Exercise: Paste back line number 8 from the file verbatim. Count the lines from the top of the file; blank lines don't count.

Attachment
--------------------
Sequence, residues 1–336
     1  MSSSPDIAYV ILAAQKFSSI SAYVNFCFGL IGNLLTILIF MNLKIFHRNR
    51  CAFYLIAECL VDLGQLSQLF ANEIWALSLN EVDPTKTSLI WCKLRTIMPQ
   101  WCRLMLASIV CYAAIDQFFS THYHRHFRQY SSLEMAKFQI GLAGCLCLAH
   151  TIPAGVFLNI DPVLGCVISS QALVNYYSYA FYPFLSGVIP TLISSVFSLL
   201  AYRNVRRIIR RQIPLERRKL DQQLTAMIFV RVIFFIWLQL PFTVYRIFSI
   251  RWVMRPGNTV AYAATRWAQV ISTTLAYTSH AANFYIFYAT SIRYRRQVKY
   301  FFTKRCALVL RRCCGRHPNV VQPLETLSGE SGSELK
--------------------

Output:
   301  FFTKRCALVL RRCCGRHPNV VQPLETLSGE SGSELK